The number of people killed in the shooting attack on the bus carrying the Togo national football team in Angola has risen to three, it has been claimed.
Goalkeeper Kossi Agassa - who plays for French club Istres - told France-Info radio that a Togo assistant coach and a press officer had also died.
Agassa added that back-up goalie Obilale Kossi was badly injured and had been flown to South Africa for treatment.
On Friday officials said the bus driver had been killed and eight others including two players were wounded in the 30-minute ambush.
News of the additonal deaths came after Togo decided to pull out of the African Cup of Nations, which is due to begin on Monday.
Togo captain and Manchester City striker Emmanuel Adebayor said earlier: "As the captain I can say that if the security is not sure, then perhaps we will be leaving.
"It is a football game and one of the biggest tournaments in Africa, but I don't think people are ready to give their lives. A lot of players want to leave."
Adebayor, who joined City from Arsenal for £25m last year, said he also feared the attack would tarnish Africa's image in the year when South Africa hosts the World Cup.
The bus had just entered the Angolan enclave of Cabinda, where separatists have waged a three-decade long war, when it came under heavy fire from gunmen.
An Angolan minister branded the attack an "act of terrorism". Cabinda produces most of Angola's oil.
Many of the footballers in the competition play for top European clubs.
As well as Adebayor they include Cameroon forward Samuel Eto'o of Inter Milan and Chelsea's Ivory Coast striker Didier Drogba.
Togo player Thomas Dossevi, who plays for French club Nantes, told The Associated Press Saturday that the team wants to pull out of the tournament.
"The situation is really compromised. We are expecting news about the injured people and we are hoping to get away from Cabinda today," he said.
The African Football Confederation (CAF) condemned the attack against the Togolese delegation and held an emergency meeting. A delegation of Angolan officials and a CAF delegation are headed to Cabinda, while the Angolan Prime Minister will meet CAF president Issa Hayatou "to take decisions to guarantee the smooth running of the competition."
FIFA also expressed "utmost sympathy" in a statement and said it expected a report from CAF.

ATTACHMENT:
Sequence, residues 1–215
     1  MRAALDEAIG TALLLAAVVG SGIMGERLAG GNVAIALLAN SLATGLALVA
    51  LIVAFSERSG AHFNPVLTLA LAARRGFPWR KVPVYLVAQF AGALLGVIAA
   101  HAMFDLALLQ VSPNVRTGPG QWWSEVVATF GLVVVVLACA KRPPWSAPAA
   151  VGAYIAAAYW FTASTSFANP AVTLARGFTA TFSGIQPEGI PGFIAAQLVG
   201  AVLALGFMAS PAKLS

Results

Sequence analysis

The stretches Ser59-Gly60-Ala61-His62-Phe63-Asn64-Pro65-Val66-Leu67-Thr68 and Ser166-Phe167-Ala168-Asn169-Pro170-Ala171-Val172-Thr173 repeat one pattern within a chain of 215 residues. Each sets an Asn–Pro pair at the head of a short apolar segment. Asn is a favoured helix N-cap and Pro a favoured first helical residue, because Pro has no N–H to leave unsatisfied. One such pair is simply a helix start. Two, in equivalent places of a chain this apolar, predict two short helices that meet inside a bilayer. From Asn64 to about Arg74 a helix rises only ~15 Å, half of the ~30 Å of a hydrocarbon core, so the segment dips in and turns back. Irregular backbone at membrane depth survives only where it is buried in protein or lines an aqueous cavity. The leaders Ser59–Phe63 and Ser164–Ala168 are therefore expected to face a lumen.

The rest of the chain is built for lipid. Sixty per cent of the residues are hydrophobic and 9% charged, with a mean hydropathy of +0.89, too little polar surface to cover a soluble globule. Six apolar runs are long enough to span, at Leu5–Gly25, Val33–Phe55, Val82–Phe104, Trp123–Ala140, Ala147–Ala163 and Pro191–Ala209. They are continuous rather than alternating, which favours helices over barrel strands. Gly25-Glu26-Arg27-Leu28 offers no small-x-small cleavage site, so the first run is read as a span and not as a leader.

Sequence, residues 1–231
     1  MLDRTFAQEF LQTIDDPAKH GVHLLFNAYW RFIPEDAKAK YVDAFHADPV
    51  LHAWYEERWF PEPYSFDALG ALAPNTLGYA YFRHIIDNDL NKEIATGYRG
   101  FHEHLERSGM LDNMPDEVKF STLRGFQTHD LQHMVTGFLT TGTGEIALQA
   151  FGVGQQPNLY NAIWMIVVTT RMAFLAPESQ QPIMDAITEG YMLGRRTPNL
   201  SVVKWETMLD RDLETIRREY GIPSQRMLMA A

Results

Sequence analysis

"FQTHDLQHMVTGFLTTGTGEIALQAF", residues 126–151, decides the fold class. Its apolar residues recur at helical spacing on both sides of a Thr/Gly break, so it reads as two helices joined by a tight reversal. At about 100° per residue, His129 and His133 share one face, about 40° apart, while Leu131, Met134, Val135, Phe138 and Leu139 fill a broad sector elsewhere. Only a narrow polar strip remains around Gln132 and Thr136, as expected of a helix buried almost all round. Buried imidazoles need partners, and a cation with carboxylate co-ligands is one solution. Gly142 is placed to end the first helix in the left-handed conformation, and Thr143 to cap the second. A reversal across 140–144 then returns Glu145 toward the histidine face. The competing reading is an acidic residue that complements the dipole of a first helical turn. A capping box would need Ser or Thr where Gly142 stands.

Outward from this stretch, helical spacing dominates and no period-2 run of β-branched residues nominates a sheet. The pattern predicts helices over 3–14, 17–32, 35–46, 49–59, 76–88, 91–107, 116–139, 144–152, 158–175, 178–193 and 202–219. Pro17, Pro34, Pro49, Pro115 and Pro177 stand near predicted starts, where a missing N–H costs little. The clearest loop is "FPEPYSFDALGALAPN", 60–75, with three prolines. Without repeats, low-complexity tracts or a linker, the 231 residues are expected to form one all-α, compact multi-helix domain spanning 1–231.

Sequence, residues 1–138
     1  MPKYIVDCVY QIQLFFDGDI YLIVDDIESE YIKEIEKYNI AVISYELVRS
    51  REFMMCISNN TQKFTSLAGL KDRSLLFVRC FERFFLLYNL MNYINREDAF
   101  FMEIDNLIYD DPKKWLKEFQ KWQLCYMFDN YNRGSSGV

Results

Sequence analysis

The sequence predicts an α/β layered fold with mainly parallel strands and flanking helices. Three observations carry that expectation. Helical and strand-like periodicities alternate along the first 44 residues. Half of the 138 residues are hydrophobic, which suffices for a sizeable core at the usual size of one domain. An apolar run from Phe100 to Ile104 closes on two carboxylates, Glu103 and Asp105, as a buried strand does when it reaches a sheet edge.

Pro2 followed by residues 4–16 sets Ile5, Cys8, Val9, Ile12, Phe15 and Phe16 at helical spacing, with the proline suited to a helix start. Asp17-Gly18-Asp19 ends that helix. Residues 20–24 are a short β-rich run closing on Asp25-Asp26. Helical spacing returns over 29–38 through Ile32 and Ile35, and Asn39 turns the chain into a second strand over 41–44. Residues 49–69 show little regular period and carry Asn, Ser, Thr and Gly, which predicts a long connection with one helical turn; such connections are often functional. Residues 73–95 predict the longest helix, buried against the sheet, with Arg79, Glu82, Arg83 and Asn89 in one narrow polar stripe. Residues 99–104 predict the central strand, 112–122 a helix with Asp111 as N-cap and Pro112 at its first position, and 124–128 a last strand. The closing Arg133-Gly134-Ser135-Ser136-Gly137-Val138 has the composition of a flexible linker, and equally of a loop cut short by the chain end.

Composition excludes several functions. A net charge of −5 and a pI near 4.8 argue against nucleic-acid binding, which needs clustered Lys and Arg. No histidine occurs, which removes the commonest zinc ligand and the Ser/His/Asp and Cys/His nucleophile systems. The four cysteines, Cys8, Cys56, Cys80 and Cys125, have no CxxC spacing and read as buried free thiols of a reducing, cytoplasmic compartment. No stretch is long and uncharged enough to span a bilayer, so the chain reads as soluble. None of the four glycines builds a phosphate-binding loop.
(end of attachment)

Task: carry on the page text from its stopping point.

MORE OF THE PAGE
"Despite this, the championship will go on," Angola's Sports Minister Goncalves Muandumba said.
Ivory Coast general manager Kaba Kone told The Associated Press on Saturday that his team was "shocked and are living through very hard times" but never considered pulling out of the tournament.
He said the Ivorian players visited their Togolese counterparts late Friday to express their sympathy.
There were no visible security forces guarding the Ivory Coast team's hotel in Cabinda on Saturday, but Kone said CAF and tournament organizers are stepping up their measures to guarantee safety.
"This event can still be a big party," he said.
The wounded were taken to a hospital in Cabinda, and Portugal's state-run Lusa news agency said it received a communication from the region's main separatist group, FLEC, claiming to have carried out the attack.
Rabelais said Angola's government was now blaming the separatist group for the attack. He said the attackers came from the Republic of Congo into Angola, and fled back after the attack.
Togo Football Federation vice president Gabriel Ameyi said the team should have flown to Angola instead of traveling by road.
"Who or What Is FLEC?"
A separatist group, the Front for the Liberation of Enclave of Cabinda (FLEC) claimed responsibility for the attack, which happened two days before the start of the 2010 African Nations Cup.
"This operation is just the start of a series of planned actions that will continue to take place in the whole territory of Cabinda," the FLEC said in a statement.
The Front for the Liberation of the Enclave of Cabinda (FLEC) is a separatist guerrilla and political movement in Cabinda, Angola. Formerly under Portuguese administration, with the independence of Angola from Portugal in 1975, the territory became a province of the newly-independent Angola. The FLEC acts in the region occupied by the former kingdoms of Kakongo, Loango and N'Goyo.
The organisers, the Confederation of African Football (CAF), said the tournament would go ahead despite the atrocity.
The Angolan government said it would step up security so the competition, due to run from January 10 to 31 in four provinces including Cabinda, could go ahead.
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